What Makes Me Different

Pantehra u3 lightI came across an article recently written by Virali Modi on Slate.com outlining some of her experiences about being in a wheelchair. I know that I’ve explained why I’m in a wheelchair, how I think slightly differently as a result, and how it affects my daily living but what I don’t feel I’ve explained well enough is how my being in a wheelchair makes me feel different… in good ways and bad.

As with anything, the wheelchair has its ups and its downs. In my previous post, Just How Much Does the Wheelchair Affect my Daily Living?I told you that the wheelchair is something I don’t consciously think about that often and that I often ‘see’ myself as standing until there is something that makes it obvious to me (like a bookshelf being too high). While all of that is true, I have become more aware of other little things that I realise behave slightly differently as a result of the chair since I published that article. Since I designed the blog to be a medium for me to express my opinions and experiences on life with a disability, I feel I should provide an update to the original article. So here goes…

1. I’m always seated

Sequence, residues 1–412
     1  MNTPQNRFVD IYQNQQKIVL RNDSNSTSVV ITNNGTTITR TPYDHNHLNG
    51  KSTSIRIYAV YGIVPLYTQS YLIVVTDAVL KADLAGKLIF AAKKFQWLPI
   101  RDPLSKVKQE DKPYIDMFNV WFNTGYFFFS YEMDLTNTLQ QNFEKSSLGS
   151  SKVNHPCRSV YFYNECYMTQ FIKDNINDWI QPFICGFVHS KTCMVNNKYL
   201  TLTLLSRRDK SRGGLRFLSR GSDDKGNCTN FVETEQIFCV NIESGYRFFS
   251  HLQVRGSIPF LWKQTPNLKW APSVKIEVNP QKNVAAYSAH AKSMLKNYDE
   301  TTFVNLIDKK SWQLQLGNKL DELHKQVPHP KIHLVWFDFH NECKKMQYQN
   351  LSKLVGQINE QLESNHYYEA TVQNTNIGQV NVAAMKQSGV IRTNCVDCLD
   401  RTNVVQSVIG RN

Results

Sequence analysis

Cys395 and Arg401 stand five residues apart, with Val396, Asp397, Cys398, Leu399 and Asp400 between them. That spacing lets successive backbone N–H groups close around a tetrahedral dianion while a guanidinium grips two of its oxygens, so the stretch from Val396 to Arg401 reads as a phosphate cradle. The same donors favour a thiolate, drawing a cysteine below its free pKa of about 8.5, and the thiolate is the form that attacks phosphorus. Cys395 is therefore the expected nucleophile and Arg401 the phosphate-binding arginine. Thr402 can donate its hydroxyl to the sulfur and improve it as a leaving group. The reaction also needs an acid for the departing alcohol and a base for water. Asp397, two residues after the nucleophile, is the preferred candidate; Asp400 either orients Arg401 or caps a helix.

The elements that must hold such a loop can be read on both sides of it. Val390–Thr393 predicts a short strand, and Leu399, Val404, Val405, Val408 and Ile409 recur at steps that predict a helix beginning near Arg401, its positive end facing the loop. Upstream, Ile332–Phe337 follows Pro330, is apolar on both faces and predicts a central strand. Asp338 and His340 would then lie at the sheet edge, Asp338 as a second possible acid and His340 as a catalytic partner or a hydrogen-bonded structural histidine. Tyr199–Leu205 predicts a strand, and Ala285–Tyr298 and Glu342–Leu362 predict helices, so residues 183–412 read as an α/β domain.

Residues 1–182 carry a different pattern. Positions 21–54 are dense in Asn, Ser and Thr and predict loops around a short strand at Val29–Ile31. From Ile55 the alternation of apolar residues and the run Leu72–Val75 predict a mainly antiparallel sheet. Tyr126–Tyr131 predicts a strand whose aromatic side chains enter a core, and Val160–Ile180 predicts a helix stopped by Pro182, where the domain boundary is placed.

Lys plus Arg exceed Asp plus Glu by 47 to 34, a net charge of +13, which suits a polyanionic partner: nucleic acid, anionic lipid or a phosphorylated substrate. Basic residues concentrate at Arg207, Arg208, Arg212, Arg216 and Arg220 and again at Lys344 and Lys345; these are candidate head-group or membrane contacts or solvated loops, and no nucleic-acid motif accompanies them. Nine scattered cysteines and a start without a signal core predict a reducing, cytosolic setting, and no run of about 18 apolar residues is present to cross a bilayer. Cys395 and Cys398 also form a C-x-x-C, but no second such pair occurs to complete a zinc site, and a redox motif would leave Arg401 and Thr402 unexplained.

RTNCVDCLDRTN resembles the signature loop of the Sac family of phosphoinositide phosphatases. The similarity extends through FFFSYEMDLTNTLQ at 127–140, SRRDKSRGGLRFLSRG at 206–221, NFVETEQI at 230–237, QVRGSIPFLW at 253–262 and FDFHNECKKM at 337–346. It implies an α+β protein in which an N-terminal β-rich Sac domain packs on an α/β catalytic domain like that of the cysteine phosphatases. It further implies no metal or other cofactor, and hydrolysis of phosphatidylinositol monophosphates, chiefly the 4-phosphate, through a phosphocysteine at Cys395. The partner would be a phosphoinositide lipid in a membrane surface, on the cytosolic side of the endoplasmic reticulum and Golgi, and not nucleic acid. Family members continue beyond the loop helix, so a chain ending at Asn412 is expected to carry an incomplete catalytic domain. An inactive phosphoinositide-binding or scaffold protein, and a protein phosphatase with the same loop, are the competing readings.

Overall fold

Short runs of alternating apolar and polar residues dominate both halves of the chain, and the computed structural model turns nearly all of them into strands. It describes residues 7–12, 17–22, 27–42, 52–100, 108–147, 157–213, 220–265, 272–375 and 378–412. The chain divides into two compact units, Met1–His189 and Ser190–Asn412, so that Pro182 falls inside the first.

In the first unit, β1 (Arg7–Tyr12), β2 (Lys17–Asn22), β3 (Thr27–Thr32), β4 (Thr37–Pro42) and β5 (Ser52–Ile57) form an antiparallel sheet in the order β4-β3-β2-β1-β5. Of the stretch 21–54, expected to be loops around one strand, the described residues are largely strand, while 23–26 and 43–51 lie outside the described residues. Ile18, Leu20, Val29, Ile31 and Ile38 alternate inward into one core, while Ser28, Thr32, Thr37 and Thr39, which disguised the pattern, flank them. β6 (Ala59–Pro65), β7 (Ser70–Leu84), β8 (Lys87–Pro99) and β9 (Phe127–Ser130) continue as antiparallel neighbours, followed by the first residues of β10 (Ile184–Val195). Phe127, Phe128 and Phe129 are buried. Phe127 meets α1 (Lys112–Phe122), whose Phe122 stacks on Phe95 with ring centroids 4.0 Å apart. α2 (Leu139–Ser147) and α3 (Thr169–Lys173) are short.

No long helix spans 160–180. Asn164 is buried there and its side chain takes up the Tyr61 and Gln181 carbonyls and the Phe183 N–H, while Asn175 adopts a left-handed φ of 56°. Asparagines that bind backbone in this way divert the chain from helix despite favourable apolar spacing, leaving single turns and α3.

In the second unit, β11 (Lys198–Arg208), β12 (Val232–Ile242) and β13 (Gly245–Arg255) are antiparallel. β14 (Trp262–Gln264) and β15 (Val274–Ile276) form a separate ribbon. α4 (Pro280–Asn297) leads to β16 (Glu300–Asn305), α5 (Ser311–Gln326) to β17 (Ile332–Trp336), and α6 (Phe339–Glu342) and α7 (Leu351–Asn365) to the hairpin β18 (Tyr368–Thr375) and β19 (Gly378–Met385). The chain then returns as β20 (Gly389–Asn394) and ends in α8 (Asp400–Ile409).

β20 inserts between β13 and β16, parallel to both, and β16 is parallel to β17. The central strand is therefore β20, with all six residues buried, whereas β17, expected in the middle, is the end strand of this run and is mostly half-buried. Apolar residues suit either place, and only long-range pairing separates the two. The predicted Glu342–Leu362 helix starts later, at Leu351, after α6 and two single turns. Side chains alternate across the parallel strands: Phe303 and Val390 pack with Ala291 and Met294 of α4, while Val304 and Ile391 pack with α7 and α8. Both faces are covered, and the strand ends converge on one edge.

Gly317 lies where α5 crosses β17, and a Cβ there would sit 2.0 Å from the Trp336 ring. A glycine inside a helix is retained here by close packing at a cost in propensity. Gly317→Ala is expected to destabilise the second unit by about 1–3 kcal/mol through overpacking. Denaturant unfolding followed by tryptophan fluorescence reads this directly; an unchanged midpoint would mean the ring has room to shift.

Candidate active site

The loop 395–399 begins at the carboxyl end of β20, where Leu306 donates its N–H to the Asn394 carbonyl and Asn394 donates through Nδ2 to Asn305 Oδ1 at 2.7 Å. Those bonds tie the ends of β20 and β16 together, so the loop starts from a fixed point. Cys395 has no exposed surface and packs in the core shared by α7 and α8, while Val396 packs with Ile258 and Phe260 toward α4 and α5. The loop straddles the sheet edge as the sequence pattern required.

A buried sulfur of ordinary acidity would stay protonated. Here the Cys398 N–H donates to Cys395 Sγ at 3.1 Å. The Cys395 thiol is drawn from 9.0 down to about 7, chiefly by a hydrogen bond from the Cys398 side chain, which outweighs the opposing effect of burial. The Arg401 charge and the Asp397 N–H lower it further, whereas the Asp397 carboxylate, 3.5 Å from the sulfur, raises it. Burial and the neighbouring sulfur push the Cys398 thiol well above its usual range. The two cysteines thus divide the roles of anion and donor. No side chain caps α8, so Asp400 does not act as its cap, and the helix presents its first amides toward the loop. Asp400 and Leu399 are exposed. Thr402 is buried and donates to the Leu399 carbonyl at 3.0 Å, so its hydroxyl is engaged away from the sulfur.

Although I’ve been disabled for my entire life, the wheelchair has only been part of my life for the past five or so years. Even when I wasn’t in a wheelchair, though, the nature of how I ‘walked’ was largely based on ‘hanging’ from my arms. In other words, I never truly stood. While I never stood properly (in the sense of weight-bearing through my feet and legs) I was still verticle.

Now some years down the line of being in a wheelchair, I still find myself using words like ‘walking’ or ‘standing’ when referring to what I’m doing. It’s just part of my vocabulary and I don’t notice myself using it until the person I’m talking to has a decidedly puzzled look on their face. Once the initial confusion subsides, however, they don’t seem to mind it too much.

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Leaving South Africa: An Update

For those of you who read The Disability Diaries often, you will know that our family has decided to immigrate to England. In a couple of earlier posts, I explained a little bit about why we decided to leave South Africa. Since today is a special day in the ‘Bizony Family Relocation’ saga, I thought it would be appropriate for me to give you (my readers) an update on how our plans to leave the country have been developing.

Although we’ve decided to leave by the end of my Undergraduate degree – which I am set to complete at the beginning of December 2018 – my sister and her husband moved to London last year. In fact, today is the anniversary of their leaving Cape Town for their new lives in England. Ever since they left South Africa, our emigration plans became all the more certain.

While their year away from us has not entirely isolated my sister and her husband from the ‘Cape Town contingent’ of the family thanks to WhatsApp and Skype calls, the fact remains that my father and I have not seen my sister since the day they left. To think that it has, as of today, now been a full year since my father and I have seen her is a little disturbing given the relationship we’ve had with her up until their leaving but at least it hasn’t been entirely isolating.